A DRY start to the season has had an impact on farmer confidence across the state, according to the latest quarterly Rabobank Confidence Survey.
Sentiment particularly edged back in the grains sector, with many of the state's growers dry-sowing winter crops due to lack of season-opening rainfall.
But overall confidence across SA's wider agricultural sector remained at historically-high levels for this time of year on the back of commodity prices - particularly for wheat, canola, lentils, sheep and beef.
The survey, released today, found approximately a quarter (23 per cent) of SA farmers were expecting conditions in the agricultural economy to improve in the next 12 months.
This was down from the 32pc with that view in the previous quarter.
The majority though (67pc) expect business conditions to be unchanged from last year and just 5pc expected them to worsen.
Positive sentiment was largely underpinned by commodity prices, with 75pc of those SA farmers expecting conditions to improve citing markets as the key reason for their optimism - up from 61pc last quarter.
Seasonal conditions were less of a positive driver of confidence this quarter - nominated by 31pc as cause for optimism (down from 54pc last survey).
Among those farmers in the state expecting conditions to worsen, the season was the biggest contributor to a pessimistic outlook.
Rabobank SA regional manager Roger Matthews said despite the dry seasonal conditions through summer and autumn, confidence had held up well.
"I expected farmer confidence could have come back a bit further, given below average rainfall in the year to date and the very dry summer," he said.
He said good falls of rain in many parts of the state in early June would have been very welcome.
With much of the state's crop now in - and Rabobank forecasting SA winter crop plantings of 3.6 million hectares (down 1pc on last year) - Mr Matthews said the rain in the past week was an enormous relief for most given the majority of planting was dry sown.
While seeding conditions have been far from ideal, the rainfall outlook is positive for the months ahead, with the prospect of a wetter-than-average winter.
"Currently the Bureau of Meteorology has pegged at least a 60pc chance for most of the state to receive above-average rainfall over winter," he said.
Seasonal concerns had sentiment in the state's grains sector ease, with the proportion of surveyed grain growers expecting an improvement in business conditions in the coming 12 months falling to 19pc, from 29pc in the March quarter.
Those expecting stable conditions stood at 69pc, while just 6pc reported they were anticipating a deterioration.
Confidence also edged back in the SA sheep sector - albeit to remain strong - with 26pc of graziers expecting business conditions to improve (compared with 49pc last survey) and 70pc expecting little change to present conditions.
"While there has been some additional feeding going on, sheep prices remain high and wool prices have also improved in recent weeks," Mr Matthews said.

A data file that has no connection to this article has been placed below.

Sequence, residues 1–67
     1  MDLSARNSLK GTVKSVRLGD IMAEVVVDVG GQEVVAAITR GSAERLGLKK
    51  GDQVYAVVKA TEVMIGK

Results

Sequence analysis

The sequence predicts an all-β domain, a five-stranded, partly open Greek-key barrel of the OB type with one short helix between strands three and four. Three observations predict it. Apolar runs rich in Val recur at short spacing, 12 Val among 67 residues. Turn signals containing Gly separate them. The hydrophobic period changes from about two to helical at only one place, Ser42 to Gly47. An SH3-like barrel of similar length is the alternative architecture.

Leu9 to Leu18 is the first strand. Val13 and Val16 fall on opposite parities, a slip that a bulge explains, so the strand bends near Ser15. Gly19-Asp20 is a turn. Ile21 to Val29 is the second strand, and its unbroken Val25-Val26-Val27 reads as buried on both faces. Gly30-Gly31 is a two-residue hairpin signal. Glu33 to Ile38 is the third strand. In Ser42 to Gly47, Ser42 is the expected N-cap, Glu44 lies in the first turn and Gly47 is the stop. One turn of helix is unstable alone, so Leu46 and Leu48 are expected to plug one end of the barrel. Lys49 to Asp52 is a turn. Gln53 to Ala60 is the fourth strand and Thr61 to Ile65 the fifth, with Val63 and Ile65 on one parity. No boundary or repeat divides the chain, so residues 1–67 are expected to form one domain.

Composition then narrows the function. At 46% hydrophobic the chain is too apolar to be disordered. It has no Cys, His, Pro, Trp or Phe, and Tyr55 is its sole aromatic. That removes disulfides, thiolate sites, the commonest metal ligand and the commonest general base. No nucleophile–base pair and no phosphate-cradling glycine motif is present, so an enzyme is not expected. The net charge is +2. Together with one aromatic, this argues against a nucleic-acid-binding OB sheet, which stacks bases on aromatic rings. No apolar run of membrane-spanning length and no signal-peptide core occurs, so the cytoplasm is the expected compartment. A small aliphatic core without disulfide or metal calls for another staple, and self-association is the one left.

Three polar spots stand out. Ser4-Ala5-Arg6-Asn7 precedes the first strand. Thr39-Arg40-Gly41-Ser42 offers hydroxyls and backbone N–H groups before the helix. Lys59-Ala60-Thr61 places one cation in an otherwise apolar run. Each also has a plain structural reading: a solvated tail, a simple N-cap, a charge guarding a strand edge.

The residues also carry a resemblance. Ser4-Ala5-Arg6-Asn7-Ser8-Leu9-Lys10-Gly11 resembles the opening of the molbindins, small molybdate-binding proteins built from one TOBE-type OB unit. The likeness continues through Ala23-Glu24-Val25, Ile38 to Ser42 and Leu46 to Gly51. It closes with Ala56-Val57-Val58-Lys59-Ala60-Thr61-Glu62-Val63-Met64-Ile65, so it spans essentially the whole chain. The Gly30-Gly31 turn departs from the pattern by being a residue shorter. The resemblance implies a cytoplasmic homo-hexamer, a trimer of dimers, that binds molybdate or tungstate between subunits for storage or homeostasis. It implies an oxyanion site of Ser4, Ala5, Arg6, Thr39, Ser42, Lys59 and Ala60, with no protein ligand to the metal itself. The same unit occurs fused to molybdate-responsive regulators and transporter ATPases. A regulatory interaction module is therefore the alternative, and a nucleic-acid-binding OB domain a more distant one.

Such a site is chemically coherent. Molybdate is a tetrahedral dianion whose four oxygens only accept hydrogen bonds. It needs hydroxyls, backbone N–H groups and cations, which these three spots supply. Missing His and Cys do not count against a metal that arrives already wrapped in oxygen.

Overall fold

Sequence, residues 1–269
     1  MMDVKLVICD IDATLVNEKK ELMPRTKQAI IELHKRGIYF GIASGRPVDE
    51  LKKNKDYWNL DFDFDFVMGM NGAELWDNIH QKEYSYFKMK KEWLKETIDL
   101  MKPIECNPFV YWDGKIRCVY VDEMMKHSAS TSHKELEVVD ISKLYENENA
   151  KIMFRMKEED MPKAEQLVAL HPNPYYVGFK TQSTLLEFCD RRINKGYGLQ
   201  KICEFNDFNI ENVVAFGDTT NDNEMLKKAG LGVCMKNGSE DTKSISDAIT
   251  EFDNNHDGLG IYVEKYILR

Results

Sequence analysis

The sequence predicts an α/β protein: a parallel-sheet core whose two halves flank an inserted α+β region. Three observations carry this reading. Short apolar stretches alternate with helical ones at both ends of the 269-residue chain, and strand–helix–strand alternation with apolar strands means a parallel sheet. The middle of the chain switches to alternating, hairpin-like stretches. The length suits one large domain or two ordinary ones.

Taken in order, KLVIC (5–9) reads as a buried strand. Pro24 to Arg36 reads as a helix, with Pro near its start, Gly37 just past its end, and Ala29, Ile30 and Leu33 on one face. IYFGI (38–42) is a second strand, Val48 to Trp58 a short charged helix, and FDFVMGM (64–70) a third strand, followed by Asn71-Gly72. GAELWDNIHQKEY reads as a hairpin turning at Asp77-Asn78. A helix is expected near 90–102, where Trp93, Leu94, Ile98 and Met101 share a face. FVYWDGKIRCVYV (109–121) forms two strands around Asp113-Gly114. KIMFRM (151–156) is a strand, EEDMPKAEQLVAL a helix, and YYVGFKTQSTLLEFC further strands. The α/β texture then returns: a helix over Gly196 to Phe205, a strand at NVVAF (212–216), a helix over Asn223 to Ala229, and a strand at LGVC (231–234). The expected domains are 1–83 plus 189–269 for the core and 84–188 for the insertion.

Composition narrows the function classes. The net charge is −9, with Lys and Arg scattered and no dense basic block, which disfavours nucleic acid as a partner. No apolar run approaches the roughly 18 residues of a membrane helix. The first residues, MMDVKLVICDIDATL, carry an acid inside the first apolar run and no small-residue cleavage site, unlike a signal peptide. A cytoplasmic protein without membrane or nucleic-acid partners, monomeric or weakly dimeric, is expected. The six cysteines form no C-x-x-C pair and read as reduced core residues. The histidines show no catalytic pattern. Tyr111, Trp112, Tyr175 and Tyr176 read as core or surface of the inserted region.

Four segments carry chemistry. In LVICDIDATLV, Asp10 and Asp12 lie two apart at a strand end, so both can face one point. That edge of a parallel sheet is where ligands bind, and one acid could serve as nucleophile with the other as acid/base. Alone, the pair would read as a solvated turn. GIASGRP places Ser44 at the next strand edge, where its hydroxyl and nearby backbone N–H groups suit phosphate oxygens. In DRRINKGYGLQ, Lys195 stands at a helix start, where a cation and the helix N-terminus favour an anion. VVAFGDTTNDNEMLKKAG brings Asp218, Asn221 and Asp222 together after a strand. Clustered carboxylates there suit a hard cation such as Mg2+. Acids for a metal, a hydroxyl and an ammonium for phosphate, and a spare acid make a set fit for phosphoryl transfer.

The survey, completed last month, found beef producers, though, to be bullish about their prospects, with 46pc expecting conditions in the agricultural economy to improve - more than double the 21pc with that view in the previous quarter.
Mr Matthews said this was "a price story, with beef prices virtually at record levels".
The strong commodity prices across sheep and beef - and also wheat, canola and lentils - are set to underpin incomes in the 2021-22 financial year, with the survey finding 34pc of SA farming businesses were expecting a higher gross farm income across the coming 12 months, albeit down from the 43pc that had that expectation last quarter.
A total of 51pc were expecting a similar financial result to last year (up from 41pc).
Despite reporting lowered confidence levels, graingrowers held particularly strong income projections, with 41pc expecting a higher gross farm income in 2021-22 - up from 31pc in March.
Mr Matthews said the bank was forecasting wheat prices to track about $300/tonne this year, while canola prices were expected to remain elevated.
Lentil prices were also likely to remain supported with news the Indian government is lowering its trade barriers on some pulses.
In terms of investment, 25pc of farmers reported they were looking to increase their investment in the 12 months ahead (from 32pc last quarter), while the majority - at 69pc - were planning to maintain investment at present levels.
"Many farmers have already spent their instant write-offs this financial year, but the tax incentive has provided a boost to what is already a very strong appetite for investment," Mr Matthews said.
"Meanwhile land prices remain high and this is indicative of the longer-term positivity prevailing in SA's agricultural sector.
"Now all we need is continued good generalised soaking rain."
The Rabobank Rural Confidence Survey has questioned an average of 1000 primary producers across a wide range of commodities and geographical areas throughout Australia on a quarterly basis, since 2000.
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